The sun was not yet high in the heavens when all the Zaporoghians assembled in a crowd. News had come from the Ssiecha, that the Tartars, during the absence of the Cossacks, had pillaged it, and dug up the treasures which the Cossacks kept concealed underground, had killed or made prisoners all those who were left behind, and had directed their course straight to Perekop, with all the herds of cattle and horses which they had taken. One Cossack only, Maxim Gotodookha, had escaped on the way, from the hands of the Tartars, had killed one of their Mirzas,1 had taken away his purse of sequins, and had, on a Tartar horse, in a Tartar dress, for one day and a half and two nights, fled from their hue and cry; had ridden his horse to death, had taken a second, which sank also under hard riding, and had only on the third found his way to the Zaporoghian encampment, which, he ascertained on the road, was under the walls of Doobno. He scarcely found time to declare the misfortune that had happened; but as to how it had happened, whether the remaining Cossacks had caroused too deeply, according to Cossack fashion, and had been made prisoners whilst tipsy; and how had the Tartars been apprised of the spot where the treasures lay hidden—nothing could he tell about all this. He was too exhausted, the whole of his body was swollen, his face was scorched by the sun and beaten by the wind; he fell on the spot fast asleep.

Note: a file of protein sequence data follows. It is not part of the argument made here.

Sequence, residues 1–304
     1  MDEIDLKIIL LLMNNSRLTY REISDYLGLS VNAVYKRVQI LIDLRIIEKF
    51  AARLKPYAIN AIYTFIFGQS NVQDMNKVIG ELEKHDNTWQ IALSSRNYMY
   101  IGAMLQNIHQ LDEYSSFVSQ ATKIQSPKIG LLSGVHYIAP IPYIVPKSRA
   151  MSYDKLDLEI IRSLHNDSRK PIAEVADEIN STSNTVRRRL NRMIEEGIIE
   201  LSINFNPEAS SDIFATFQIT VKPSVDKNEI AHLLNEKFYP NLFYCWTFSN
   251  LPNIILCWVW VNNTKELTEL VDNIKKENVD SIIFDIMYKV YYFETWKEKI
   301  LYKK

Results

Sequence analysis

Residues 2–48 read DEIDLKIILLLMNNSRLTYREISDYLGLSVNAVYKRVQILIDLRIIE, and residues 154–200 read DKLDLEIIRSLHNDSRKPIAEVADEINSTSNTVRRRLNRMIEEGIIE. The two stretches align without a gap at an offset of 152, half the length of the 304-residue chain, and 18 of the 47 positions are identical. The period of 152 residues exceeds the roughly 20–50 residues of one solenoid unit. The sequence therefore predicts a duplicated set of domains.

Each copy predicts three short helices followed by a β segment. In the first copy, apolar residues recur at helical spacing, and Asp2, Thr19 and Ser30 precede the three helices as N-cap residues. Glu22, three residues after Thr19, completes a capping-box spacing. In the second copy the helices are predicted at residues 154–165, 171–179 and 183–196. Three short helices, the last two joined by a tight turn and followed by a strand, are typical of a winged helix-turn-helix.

In such emergencies, the Zaporoghians were accustomed to proceed without the least delay, in pursuit of the invaders, and endeavour to catch them on the way, because the prisoners might be sent in no time to the slave markets of Asia Minor, to Smyrna, to the island of Crete, and wherever else the crown-locked heads of the Zaporoghians might not be expected to make their appearance. It was for this reason that the Zaporoghians had now assembled. They stood now with their heads covered, because they had come together, not by command to hear an order from their chief, but to deliberate as equals among themselves. “Let the elders give their advice first,” was the cry heard from the crowd. “Let the Koschevoï give his advice,” exclaimed some. And the Koschevoï, cap in hand, no longer as a chief but as a comrade, thanked all the Cossacks for the honour, and spoke thus: “There are many among us who are older than I, and who have more wisdom in their counsels, but as you have honoured me, my advice is this. Do not waste your time, comrades, go in pursuit of the Tartars at once; they are not likely to wait for our arrival with the stolen goods; they will quickly spend them and leave no trace. So this is my advice, go at once. We have done our duty here. The Poles know at present what the Cossacks are; we have avenged our faith as much as lay in our power; no great booty can be found in a famished city; so, this is our advice, go!”